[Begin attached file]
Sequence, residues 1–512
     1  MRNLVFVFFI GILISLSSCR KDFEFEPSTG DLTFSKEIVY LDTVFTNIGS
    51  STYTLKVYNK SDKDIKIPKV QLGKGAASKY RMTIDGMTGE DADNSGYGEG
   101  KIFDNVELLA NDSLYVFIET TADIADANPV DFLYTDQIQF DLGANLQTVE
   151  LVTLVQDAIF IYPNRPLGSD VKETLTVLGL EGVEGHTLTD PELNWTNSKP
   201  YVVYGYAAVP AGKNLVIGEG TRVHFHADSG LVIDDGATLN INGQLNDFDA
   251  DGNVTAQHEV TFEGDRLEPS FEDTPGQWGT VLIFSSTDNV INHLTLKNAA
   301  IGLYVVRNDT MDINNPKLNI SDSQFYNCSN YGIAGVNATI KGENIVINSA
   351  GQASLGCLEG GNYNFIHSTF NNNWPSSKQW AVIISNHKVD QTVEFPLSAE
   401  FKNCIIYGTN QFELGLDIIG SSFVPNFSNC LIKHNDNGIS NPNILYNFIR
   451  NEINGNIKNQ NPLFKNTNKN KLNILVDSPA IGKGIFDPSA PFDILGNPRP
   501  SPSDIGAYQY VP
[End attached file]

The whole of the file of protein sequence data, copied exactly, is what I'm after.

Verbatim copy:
Sequence, residues 1–512
     1  MRNLVFVFFI GILISLSSCR KDFEFEPSTG DLTFSKEIVY LDTVFTNIGS
    51  STYTLKVYNK SDKDIKIPKV QLGKGAASKY RMTIDGMTGE DADNSGYGEG
   101  KIFDNVELLA NDSLYVFIET TADIADANPV DFLYTDQIQF DLGANLQTVE
   151  LVTLVQDAIF IYPNRPLGSD VKETLTVLGL EGVEGHTLTD PELNWTNSKP
   201  YVVYGYAAVP AGKNLVIGEG TRVHFHADSG LVIDDGATLN INGQLNDFDA
   251  DGNVTAQHEV TFEGDRLEPS FEDTPGQWGT VLIFSSTDNV INHLTLKNAA
   301  IGLYVVRNDT MDINNPKLNI SDSQFYNCSN YGIAGVNATI KGENIVINSA
   351  GQASLGCLEG GNYNFIHSTF NNNWPSSKQW AVIISNHKVD QTVEFPLSAE
   401  FKNCIIYGTN QFELGLDIIG SSFVPNFSNC LIKHNDNGIS NPNILYNFIR
   451  NEINGNIKNQ NPLFKNTNKN KLNILVDSPA IGKGIFDPSA PFDILGNPRP
   501  SPSDIGAYQY VP